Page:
Sunset Song is a heart-wrenching character study of love, loss, abuse and courage set around a Scottish family in the early 1900’s that unfolds through the eyes of Chris Guthrie, the eldest and only daughter of a family of six.
This classically theatrical story shows at times the endurance of Chris’ personal highs and lows as she comes of age in a household that is equally full of love and hate. Chris’ older brother Will supports and encourages her, whilst her mother who is caring enough lives under the fear of the man of the house, John Guthrie, played with menacing conviction by Peter Mullen.
What follows is a mostly slow paced but compelling story as we follow the Guthrie family through what can only be described as ‘whatever life throws at you, try your best to hit back’. After the devastating loss of the mother, the family is left to deal with more of the sudden bursts of abuse at the hands of John, with Will protecting the family by purposely taking the brunt of it.
The sole focus of the story is on Chris, played very well by Agyness Deyn. She displays a maturity that is thrust upon her, whilst also maintaining the innocence of a young girl who needs to grow up a little too quickly. Not an easy role, but she pulls it off naturally. But the film no doubt belongs to Peter Mullen. The consequences of anybody’s actions toward him will make you squirm in your seat and dread the repercussions that follow. Even bedridden and near death he is still a deadly threat.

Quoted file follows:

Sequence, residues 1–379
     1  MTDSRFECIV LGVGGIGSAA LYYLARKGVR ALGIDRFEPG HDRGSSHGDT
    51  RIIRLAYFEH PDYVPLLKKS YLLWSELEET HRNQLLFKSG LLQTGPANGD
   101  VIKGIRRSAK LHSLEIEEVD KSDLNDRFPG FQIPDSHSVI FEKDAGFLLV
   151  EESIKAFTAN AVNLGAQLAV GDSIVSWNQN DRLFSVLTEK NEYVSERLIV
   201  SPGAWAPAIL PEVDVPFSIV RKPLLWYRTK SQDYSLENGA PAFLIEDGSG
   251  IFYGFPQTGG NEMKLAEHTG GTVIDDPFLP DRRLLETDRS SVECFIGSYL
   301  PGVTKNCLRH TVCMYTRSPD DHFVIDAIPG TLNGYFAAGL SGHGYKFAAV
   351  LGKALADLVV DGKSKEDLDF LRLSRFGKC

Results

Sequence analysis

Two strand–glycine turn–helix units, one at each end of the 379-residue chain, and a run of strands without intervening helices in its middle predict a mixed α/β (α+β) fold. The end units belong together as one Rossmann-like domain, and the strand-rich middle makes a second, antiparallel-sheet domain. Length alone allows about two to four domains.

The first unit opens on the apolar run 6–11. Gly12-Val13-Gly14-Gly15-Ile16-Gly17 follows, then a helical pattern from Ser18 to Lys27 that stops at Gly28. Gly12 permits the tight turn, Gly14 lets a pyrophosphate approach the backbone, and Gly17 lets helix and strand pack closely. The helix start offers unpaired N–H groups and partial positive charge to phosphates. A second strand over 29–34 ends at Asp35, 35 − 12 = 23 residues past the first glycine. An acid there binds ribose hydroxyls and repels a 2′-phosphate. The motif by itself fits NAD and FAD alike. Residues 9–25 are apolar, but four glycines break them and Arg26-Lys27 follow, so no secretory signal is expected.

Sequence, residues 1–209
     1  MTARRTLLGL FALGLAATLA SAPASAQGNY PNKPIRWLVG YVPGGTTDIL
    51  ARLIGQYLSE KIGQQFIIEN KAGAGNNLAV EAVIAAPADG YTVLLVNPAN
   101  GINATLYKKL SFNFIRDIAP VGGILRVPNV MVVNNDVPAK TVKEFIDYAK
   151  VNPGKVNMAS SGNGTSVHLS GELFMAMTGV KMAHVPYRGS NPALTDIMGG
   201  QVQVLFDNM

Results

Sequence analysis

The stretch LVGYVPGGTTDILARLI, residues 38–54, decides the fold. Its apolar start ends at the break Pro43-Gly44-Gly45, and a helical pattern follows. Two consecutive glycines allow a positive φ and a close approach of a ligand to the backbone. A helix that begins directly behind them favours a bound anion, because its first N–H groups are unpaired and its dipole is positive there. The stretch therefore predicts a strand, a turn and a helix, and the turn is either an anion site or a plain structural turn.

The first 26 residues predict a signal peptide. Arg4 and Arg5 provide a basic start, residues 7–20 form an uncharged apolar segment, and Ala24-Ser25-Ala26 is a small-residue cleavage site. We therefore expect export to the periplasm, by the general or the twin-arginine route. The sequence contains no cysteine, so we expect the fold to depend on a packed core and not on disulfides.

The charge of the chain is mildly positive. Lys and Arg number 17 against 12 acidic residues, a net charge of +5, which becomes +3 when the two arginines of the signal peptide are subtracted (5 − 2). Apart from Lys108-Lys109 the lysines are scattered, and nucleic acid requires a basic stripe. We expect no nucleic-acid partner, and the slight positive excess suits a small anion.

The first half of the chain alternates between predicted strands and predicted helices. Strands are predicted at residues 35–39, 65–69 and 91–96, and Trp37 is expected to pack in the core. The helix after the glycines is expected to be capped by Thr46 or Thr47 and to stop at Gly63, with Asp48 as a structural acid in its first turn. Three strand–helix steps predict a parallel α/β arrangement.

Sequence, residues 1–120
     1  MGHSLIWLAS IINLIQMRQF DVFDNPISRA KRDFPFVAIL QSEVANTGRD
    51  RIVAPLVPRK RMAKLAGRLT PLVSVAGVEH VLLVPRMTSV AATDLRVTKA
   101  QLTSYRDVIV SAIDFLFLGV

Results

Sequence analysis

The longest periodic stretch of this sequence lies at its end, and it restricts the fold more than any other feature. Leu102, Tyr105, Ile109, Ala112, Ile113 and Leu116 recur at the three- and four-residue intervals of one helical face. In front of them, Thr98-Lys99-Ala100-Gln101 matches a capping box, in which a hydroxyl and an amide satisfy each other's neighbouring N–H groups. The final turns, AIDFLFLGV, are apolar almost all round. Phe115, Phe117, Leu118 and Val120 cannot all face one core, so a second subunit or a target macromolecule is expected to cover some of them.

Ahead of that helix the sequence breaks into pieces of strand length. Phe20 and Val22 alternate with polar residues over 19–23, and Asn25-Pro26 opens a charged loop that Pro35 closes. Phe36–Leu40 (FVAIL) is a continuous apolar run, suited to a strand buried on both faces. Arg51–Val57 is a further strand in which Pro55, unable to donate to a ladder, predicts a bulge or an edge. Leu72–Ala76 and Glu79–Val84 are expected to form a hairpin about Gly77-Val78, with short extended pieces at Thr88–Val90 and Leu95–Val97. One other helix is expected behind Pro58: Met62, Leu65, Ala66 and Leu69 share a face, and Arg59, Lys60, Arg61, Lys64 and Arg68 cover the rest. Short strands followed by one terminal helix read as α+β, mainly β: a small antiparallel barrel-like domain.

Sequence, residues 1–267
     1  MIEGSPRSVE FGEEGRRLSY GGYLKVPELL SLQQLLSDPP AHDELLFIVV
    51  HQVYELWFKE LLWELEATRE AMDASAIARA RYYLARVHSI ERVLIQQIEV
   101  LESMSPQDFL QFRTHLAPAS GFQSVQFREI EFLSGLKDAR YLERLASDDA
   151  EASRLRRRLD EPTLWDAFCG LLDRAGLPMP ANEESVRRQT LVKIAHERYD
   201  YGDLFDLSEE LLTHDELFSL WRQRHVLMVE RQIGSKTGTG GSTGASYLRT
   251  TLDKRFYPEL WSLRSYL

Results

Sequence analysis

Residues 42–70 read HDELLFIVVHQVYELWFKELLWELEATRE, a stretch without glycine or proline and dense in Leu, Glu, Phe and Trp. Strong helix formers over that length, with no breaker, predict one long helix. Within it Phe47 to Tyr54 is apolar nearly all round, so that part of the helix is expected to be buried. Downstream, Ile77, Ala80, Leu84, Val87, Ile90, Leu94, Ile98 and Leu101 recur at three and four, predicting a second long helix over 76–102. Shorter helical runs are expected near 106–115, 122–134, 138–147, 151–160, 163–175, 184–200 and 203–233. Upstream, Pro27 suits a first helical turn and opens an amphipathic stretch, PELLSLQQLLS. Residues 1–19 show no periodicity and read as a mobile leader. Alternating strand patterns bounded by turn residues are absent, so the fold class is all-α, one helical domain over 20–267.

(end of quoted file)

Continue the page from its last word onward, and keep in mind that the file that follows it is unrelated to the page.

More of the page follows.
This is by no means a light-hearted affair, but it is most certainly uplifting as Chris breaks through each hurdle, including abandonment, heart-break and loneliness. Even though there are people in her life who help and love her, they never seem to stay around very long.
It’s worth noting that the cinematography and costume design are first rate. Every shot is meticulously framed with the Scottish scenery covering you like a blanket.
So if you’re in the mood for an arthouse film with the emotional pull of a steam-train, then look no further than Sunset Song (If you take your partner, make sure you bring along some tissues!).
The exterior shots were shot on 70mm film while the interiors were captured on digital cameras.